What Troubles

Joe McCulloch is here today to guide you through the most interesting-sounding new comics releases available in stores as of tomorrow morning.


—News. The pioneering cartoonist Morrie Turner, credited for being the first nationally syndicated African-American strip cartoonist, passed away this weekend. We will have more soon.

—Reviews & Commentary. In the New Republic, Jeet Heer thinks the HBO Herblock documentary was a bit much. In the New York Times, Dana Jennings reviews Charles Schulz's Peanuts Every Sunday: 1952-1955. In the Chicago Tribune, Jake Austen reviews Ed Piskor, Alex Schubert, and Michael DeForge. Rob Clough on Noah Van Sciver's sketchbook comics. Zainab Akhtar on Boulet's webcomics. Alicia DeSantis on Ad Reinhardt's How to Look comics. Finally, as he does every year, Chris Mautner picks the six most unfairly overlooked comics of 2013.

—Interviews & Profiles. Tom Spurgeon interviews Rich Tommaso. The latest guest on Inkstuds is underground great Jay Lynch. The Belleville New-Democrat profiles local boy Alex Schubert.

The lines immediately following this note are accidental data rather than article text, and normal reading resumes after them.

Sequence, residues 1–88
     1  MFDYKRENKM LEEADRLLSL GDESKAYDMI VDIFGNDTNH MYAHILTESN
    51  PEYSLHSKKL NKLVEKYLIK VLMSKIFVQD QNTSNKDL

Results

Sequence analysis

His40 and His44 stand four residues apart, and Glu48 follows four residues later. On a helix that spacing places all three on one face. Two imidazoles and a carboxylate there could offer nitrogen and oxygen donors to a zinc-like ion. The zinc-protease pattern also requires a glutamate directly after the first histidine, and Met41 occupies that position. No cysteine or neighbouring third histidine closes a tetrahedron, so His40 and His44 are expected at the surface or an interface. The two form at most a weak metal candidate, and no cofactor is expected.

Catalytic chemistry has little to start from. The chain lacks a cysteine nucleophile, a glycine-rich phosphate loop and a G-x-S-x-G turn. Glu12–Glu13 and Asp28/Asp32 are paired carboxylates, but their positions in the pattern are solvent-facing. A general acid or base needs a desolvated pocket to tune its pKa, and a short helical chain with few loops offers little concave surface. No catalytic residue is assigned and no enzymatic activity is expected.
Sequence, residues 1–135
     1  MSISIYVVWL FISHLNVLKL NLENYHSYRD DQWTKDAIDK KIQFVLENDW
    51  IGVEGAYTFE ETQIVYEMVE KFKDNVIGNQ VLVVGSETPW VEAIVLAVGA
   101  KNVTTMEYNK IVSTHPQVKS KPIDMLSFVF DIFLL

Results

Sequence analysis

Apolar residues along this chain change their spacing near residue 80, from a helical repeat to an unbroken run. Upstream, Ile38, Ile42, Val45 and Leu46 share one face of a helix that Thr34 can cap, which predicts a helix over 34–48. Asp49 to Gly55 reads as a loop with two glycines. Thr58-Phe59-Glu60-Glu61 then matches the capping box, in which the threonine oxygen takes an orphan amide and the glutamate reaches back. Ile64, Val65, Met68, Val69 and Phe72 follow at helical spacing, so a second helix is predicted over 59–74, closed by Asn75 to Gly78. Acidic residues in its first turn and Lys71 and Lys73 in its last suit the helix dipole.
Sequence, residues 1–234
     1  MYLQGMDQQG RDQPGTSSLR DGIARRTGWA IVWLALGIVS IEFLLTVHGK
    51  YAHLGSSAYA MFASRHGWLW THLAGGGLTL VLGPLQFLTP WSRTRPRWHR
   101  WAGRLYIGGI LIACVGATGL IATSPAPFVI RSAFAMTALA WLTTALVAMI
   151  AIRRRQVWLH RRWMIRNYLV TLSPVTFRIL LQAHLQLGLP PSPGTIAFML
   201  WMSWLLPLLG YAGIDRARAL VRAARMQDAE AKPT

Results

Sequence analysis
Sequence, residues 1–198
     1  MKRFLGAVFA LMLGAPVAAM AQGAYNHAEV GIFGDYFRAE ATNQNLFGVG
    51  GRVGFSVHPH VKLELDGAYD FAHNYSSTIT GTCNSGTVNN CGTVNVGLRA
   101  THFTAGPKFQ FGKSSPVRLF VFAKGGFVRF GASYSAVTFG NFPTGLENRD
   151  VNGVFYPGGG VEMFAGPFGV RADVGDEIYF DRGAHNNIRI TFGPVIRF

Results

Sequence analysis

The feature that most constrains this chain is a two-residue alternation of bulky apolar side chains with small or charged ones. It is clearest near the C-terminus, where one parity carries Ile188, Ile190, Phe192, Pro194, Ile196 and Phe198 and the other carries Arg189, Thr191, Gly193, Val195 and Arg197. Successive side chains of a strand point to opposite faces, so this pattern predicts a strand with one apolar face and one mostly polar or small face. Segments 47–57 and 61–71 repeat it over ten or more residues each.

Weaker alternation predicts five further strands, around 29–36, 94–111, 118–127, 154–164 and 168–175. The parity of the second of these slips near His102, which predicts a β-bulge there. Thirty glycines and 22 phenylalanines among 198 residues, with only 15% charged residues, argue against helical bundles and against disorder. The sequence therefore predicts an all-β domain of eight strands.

—Alan Moore Interview Controversy Reservoir. Alan Moore's most recent interview continues to draw comment. Tucker Stone, Matt Seneca, Joe McCulloch, and Chris Mautner discuss it on their podcast. The journalist Laura Sneddon, mentioned and criticized by Moore, has put up a statement disputing some of his comments. She asserts that Century: 2009 was out in stores two days before her Independent review (and its accompanying article) revealed its ending. This puzzles me, because I distinctly remember reading about the Harry Potter reveal before buying the book; her review is dated June 17, and the book came out in the U.S. direct market on June 26. Maybe it was released earlier in the UK? This blogger argues with some of her other points, perhaps a bit too impolitely. He also posted a link to some of the tweets left by "Batman scholar" Will Brooker and others that Sneddon assembled into a Storify post. These were the comments Moore was responding to in the original interview, which may go some way in explaining his tone and approach.

—Video. An oddly revealing short Q&A with Todd McFarlane and Stan Lee (via):

And (via FS) a 1988 appearance by Lynda Barry on Late Night with David Letterman: